Let me tell you about one of the more evocative television commercials in recent history.
The commercial was filmed in London on behalf of a prominent newspaper. Listen to how John Steel describes it in his book, Truth, Lies and Advertising. I quote:
". . . this commercial was shot in grainy black and white, more like a documentary than a commercial.” 1
"It opens on a slow-motion scene of a rough-looking skinhead sprinting down the sidewalk of a dull terrace in an old industrial town. A car slows menacingly at the end of the street, perhaps in pursuit. A woman, standing on her doorstep, flinches as the skinhead runs past her…” 2
"We now see the same scene from a different angle. The skinhead darts past the woman, and this time we see that he's headed toward an old man, who is wearing a long overcoat and hat and carrying a briefcase. The old man raises his briefcase to defend himself as the thug makes a grab for him.” 3
"The commercial fades to a third replay of the same action…this time shot from high up on a building across the street. We see (now) that right above the old man, who is completely oblivious to the fact, a large tray of bricks is being hoisted up the side of a building. It is swaying dangerously, and the skinhead has spotted it…races down the street…grabs the old man and pushes him back against the wall to protect him as the bricks crash to the sidewalk." 4
As you can see, the commercial wasn’t selling a product so much as the idea that we can only arrive at the truth when we consider multiple perspectives. That’s easy to do when viewing a television program or a movie, but when it comes to real life, it takes a practiced, conscious effort to consider multiple viewpoints.
Our perspectives, it seems, are sometimes like blinders: They restrict our field of vision, allowing us to see only selected aspects of our environment and, simultaneously, keeping us from seeing other things that may be very close to us.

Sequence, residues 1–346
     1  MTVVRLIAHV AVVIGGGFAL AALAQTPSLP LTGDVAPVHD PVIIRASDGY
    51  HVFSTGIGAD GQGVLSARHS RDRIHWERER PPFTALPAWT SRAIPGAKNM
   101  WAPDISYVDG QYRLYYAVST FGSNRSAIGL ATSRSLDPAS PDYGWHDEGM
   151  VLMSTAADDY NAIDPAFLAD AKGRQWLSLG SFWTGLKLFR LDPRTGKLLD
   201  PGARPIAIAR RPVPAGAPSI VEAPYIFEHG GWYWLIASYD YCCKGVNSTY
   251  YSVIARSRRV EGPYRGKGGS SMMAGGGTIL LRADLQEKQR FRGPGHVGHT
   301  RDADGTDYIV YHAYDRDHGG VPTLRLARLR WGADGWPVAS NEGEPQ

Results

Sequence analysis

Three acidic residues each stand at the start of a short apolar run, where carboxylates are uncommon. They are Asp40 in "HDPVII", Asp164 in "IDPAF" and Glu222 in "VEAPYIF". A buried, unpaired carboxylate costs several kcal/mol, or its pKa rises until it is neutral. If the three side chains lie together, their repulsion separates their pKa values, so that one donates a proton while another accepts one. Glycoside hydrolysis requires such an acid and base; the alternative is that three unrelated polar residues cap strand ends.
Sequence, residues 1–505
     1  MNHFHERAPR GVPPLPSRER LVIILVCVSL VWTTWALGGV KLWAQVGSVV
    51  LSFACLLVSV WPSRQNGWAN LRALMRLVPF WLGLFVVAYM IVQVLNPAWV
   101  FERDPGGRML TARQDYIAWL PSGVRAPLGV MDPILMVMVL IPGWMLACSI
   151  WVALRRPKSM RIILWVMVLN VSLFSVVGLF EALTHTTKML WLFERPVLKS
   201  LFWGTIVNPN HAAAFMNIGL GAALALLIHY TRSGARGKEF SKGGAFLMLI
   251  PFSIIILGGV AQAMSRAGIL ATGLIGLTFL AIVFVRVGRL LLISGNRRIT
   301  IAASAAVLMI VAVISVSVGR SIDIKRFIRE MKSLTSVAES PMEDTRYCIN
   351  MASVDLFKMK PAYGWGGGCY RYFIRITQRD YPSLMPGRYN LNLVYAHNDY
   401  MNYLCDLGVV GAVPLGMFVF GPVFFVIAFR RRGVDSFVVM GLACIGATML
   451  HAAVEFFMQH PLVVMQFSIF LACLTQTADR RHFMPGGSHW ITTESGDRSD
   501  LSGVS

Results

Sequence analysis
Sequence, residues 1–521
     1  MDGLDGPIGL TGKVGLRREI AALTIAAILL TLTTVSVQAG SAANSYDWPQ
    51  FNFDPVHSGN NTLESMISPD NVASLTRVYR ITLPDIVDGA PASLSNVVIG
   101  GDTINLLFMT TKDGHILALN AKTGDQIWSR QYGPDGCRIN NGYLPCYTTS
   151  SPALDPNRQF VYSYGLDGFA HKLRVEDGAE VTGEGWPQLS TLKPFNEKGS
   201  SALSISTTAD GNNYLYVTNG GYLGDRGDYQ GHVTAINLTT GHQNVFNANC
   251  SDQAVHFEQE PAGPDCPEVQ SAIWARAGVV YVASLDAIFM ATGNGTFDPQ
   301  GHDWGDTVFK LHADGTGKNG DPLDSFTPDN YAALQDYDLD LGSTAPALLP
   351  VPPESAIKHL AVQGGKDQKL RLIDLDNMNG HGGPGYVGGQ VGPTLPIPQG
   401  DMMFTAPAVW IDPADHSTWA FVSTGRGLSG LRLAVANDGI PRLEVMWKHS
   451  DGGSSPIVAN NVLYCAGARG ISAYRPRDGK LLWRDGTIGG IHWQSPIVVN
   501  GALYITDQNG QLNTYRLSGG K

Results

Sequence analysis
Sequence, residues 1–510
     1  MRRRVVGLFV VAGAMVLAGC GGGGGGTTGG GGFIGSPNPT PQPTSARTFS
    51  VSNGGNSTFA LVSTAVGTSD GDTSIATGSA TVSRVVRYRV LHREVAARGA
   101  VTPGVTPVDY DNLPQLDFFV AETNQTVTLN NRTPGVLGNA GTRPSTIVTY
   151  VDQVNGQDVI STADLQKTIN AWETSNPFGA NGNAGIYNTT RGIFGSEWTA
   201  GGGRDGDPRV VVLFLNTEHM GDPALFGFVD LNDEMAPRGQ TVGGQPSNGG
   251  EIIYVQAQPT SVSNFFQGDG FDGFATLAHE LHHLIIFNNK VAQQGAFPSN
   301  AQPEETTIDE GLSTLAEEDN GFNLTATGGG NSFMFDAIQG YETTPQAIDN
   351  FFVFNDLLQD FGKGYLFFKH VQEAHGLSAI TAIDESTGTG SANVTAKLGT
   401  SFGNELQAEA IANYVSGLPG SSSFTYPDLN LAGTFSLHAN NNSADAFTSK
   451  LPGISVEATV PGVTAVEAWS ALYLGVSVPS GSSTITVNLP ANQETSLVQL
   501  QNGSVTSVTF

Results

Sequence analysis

Consider something that I call the "strangeness of the familiar." This is a common phenomenon, one that we experience but rarely notice. Here is a classic example: As the driver of a car, you know the streets you use to get home or to work. But if you now ride as a passenger down those same streets, or if you walk, you suddenly see things that you never saw when you were the driver. It is, indeed, as if you are seeing them for the first time.
“We all believe that we are capable of seeing what’s in front of us, of accurately remembering important events from our past, of understanding the limits of our knowledge, of properly determining cause and effect. But these intuitive beliefs are often mistaken ones that mask critically important limitations on our cognitive abilities.” 5
Certainly, this is the basis of the well-demonstrated unreliability of eye-witness accounts of almost any event. Robert Heinlein addressed this decades ago in his science fiction classic, “Stranger in a Strange Land,” when he developed the concept of a Fair Witness – a person specifically trained to overcome these kinds of limitations.
Indeed, all of us suffer from Inattentional Blindness, which is the tendency to overlook things that are often in plain sight. In fact, magicians exploit it in their magic acts by focusing the audience’s attention on some distractive element away from what they are manipulating so you won’t see them. They call it misdirection.